People, be it in Dhaka city or in remote villages, continue to suffer from three-four hours of load shedding every day as power supplies have not yet improved to the levels before Tuesday's national grid failure.
The authorities now cut power supply in different areas the moment they find it overloaded as part of cautiousness following the 4 October blackout that hit half of the country, Md Shamim Hasan, spokesperson of the Bangladesh Power Development Board (BPDB), told The Business Standard.
BPDB officials also put this power crunch down to a shortage of gas supply to gas-based power plants.
Moreover, the government has not increased power production from liquid oil-based plants owing to higher generation costs.
That is why the people continue to experience long hours of power outages, they noted.
Meanwhile, the Power Grid Company of Bangladesh formed a seven-member committee to probe 4 October's blackout, and it was supposed to submit a report on Friday.
But the committee did not submit the report, said a committee member.
Dr Abdul Hasib Chowdhury, a member of the committee and Buet professor, said there are various complex issues that the committee needs to incorporate in the report. It is not possible to complete the task within the given three days.
On 18 July, while bringing in a raft of austerity measures to save energy and take pressure off the forex reserve, the government had said rolling power outages would continue till September.
On Friday, the weekly holiday, long hours of power cuts were recorded across the country.
Gas-fired power plants need around 1,400 million cubic feet (mmcf) of gas per day, but the supply is below 1,000mmcf, BPDB officials noted.
Currently, Petrobangla supplies a total of 2,666.6mmcf gas per day to different types of consumers, which was around 3,100mmcf last January. Because of the lower power generation, electricity distribution companies are failing to meet the demand.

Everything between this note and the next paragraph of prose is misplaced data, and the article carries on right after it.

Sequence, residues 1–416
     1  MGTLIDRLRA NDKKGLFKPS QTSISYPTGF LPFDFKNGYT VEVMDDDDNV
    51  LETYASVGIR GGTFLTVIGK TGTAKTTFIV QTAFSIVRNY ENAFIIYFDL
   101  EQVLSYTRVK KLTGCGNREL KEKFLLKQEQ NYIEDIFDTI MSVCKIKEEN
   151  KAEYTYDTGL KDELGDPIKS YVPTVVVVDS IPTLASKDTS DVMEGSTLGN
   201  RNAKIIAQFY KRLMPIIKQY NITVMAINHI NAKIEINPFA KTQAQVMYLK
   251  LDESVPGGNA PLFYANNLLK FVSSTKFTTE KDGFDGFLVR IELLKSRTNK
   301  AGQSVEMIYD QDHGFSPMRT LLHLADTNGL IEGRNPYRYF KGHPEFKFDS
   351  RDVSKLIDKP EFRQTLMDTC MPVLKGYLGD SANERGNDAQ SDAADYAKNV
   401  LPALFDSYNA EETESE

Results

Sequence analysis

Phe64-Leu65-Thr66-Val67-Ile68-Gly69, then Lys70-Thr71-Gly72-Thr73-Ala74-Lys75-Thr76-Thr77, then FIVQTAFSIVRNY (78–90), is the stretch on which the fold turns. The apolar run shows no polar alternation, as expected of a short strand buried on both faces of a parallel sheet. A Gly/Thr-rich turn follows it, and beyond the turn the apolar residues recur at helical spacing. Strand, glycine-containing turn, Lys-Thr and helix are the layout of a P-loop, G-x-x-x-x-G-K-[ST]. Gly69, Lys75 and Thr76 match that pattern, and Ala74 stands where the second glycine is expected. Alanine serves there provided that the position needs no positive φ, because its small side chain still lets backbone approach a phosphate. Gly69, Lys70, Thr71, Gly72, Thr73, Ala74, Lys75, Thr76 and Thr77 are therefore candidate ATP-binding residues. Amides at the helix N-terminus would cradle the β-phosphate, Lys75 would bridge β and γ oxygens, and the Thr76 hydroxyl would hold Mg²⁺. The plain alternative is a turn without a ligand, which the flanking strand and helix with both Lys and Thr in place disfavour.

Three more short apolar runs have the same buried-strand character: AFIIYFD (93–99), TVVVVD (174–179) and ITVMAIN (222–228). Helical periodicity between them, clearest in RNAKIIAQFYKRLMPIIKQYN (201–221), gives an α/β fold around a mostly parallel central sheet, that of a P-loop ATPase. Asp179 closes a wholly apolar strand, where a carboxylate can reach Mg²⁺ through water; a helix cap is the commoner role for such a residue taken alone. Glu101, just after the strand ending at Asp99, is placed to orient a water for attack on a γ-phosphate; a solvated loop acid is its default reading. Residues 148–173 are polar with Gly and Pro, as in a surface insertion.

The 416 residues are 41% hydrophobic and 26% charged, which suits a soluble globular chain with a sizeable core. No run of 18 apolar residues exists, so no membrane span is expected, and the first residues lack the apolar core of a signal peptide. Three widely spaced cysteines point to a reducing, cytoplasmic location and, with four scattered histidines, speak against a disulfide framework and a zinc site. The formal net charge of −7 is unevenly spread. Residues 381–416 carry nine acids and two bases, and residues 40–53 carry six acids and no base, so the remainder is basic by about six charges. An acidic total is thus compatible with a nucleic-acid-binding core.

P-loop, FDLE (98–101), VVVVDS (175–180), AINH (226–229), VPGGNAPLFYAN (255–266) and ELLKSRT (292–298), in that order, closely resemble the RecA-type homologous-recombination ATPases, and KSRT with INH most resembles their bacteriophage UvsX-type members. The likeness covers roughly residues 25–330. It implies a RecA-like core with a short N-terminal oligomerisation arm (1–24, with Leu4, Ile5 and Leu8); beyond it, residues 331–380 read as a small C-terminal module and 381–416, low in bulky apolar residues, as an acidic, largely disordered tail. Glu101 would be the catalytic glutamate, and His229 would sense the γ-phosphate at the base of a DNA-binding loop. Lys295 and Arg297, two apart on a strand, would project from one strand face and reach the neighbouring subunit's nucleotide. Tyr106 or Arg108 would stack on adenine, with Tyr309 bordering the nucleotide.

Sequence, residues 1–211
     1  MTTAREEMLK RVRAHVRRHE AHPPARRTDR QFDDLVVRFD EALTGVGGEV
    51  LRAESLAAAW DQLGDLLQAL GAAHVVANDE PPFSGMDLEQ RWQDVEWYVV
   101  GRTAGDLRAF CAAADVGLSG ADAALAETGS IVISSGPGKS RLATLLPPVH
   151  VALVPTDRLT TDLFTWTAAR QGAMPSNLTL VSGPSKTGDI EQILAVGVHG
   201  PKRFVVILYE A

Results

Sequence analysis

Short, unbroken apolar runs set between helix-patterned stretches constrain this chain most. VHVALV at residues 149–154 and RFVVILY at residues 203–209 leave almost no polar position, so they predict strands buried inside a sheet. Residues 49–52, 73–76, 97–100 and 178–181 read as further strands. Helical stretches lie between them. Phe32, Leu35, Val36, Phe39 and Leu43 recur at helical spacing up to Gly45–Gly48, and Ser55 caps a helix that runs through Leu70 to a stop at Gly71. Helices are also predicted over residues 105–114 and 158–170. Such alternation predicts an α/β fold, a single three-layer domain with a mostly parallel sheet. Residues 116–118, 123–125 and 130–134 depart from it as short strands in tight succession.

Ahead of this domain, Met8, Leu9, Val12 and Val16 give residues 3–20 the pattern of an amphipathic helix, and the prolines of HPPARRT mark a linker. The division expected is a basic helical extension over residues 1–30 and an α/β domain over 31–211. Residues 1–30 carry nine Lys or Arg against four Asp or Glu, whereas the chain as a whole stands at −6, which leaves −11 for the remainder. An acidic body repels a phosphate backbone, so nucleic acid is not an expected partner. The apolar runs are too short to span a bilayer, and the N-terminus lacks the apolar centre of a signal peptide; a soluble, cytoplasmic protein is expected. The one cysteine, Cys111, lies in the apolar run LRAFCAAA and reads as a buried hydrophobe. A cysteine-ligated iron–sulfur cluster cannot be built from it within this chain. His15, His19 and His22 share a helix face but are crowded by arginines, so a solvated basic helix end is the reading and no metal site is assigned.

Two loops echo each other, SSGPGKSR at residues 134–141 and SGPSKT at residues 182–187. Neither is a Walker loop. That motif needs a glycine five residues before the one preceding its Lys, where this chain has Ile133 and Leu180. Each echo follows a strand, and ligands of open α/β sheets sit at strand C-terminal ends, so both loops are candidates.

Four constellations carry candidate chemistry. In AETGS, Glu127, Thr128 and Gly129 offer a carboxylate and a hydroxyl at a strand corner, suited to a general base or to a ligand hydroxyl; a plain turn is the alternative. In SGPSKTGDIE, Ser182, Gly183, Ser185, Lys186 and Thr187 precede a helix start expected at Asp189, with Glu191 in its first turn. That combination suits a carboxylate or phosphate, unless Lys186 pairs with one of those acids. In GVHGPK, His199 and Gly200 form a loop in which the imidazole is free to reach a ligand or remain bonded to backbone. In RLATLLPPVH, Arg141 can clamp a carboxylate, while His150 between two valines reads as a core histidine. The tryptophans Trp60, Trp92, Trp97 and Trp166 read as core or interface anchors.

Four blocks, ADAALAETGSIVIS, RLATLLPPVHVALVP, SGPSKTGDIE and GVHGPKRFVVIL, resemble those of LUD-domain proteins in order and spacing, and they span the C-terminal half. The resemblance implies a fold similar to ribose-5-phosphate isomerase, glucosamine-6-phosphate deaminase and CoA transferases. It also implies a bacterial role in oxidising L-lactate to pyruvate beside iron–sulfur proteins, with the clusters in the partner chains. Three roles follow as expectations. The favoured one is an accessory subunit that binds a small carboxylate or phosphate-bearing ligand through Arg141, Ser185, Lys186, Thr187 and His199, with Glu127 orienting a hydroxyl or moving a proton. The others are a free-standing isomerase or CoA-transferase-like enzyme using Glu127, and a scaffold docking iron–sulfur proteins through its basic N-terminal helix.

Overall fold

Therefore, people are suffering from severe load shedding every day.
The Dhaka Power Distribution Company, one of the six distribution companies that supplies electricity to the Dhaka South City Corporation and nearby Narayanganj, is experiencing around 450-500 megawatts of load shedding daily.
Its Managing Director Engineer Bikash Dewan said the company is getting only 950MW against a demand for 1,450MW.
Md Kausar Ameer Ali, managing director of Dhaka Electric Supply Company Limited, which supplies power to Dhaka North City Corporation, Uttara and Tongi, said they are also facing a shortage of 150MW-200MW daily while its demand is 1,140MW.
The Bangladesh Rural Electrification Board, the largest distribution company that supplies electricity to the country's remote areas through its 80 associations, is also not getting the required supply from the Power Grid Company of Bangladesh.
Debashis Chakraborti, member (Distribution and Operation) of the Bangladesh Rural Electrification Board, said the company has a demand for 8,608MW of electricity daily, but it is getting only 7,500-8,000MW.
Therefore, the people in different districts are not getting the 24/7 electricity supply, he added.